Since containerization of freight began in the 1940’s, the size of container ships has increased year by year. In recent years we have seen ships of unprecedented size be introduced on the China – US trade lanes. Ship size and capacity is measured by TEUs (Twenty-Foot Equivalent Units), or how many 20 foot ocean containers a vessel can carry. In 1956, an average ship carried between 60 to 500 TEUs. The newest vessels, nicknamed the Triple E Class, can carry 18,000 TEUs. What does that mean for the US import market and for the infrastructure that is supposed to handle these new monster vessels?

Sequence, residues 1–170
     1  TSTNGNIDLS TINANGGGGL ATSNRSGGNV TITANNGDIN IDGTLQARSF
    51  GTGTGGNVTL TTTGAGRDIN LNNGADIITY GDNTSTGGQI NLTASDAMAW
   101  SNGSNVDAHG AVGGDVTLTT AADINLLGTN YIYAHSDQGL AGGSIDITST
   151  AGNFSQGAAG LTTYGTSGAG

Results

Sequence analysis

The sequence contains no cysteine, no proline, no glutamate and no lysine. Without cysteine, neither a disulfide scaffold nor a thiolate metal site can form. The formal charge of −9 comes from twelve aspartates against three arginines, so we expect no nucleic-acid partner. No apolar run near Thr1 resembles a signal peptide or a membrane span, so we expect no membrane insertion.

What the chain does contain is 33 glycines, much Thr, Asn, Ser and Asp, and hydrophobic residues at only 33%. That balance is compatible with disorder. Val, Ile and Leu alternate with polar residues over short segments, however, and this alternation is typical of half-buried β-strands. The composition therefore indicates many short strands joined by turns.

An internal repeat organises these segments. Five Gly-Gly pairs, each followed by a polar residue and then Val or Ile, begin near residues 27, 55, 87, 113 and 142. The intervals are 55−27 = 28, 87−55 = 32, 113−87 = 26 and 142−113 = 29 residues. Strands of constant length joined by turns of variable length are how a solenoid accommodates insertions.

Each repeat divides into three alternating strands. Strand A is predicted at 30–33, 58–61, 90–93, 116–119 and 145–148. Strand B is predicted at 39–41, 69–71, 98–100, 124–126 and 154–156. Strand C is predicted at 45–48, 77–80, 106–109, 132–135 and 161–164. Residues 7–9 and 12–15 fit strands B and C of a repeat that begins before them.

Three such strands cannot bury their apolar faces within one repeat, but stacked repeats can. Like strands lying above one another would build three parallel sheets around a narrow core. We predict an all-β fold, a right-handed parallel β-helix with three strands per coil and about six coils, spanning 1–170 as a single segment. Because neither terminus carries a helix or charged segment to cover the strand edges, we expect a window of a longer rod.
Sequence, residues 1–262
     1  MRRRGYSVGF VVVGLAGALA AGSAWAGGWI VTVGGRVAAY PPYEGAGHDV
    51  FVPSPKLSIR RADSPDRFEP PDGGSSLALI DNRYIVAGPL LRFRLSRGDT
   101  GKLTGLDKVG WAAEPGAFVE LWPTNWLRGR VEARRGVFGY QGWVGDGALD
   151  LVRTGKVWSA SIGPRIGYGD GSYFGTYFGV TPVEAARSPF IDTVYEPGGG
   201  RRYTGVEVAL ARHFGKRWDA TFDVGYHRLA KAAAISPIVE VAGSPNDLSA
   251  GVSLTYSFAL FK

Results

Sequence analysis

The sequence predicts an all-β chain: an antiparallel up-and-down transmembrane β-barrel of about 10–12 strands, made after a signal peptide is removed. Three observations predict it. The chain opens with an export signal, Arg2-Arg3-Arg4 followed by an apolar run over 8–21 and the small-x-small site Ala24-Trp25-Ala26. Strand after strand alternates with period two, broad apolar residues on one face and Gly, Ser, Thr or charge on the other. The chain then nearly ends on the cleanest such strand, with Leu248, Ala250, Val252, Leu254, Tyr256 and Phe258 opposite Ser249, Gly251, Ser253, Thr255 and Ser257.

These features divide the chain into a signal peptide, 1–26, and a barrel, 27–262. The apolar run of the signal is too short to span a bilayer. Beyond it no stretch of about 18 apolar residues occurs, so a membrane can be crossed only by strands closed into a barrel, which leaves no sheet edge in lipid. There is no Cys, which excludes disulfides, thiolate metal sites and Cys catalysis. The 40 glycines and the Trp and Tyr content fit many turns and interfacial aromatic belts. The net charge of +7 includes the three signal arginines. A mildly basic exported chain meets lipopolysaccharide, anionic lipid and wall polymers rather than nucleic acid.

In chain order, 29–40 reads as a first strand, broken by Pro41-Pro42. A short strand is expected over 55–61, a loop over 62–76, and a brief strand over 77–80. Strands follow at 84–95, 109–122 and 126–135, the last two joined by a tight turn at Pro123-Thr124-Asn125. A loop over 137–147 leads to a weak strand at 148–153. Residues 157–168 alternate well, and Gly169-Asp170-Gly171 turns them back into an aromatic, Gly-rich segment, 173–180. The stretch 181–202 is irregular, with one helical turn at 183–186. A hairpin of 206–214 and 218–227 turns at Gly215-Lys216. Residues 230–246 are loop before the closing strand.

Since I am an amateur historian at heart, let’s take a look at this from the lens of history. Size has always mattered in the shipping industry, dating back to the beginning of the 20th Century and the golden age of the Ocean Liner. Before the advent of safe, trans-ocean flight, the Ocean Liner was the only way to cross vast distances of ocean. Despite the glitz and glamour of a lot of these ships, the majority of passengers and fares were represented by immigrant trade. These ships were designed with this vital cargo in mind. And bigger was always better.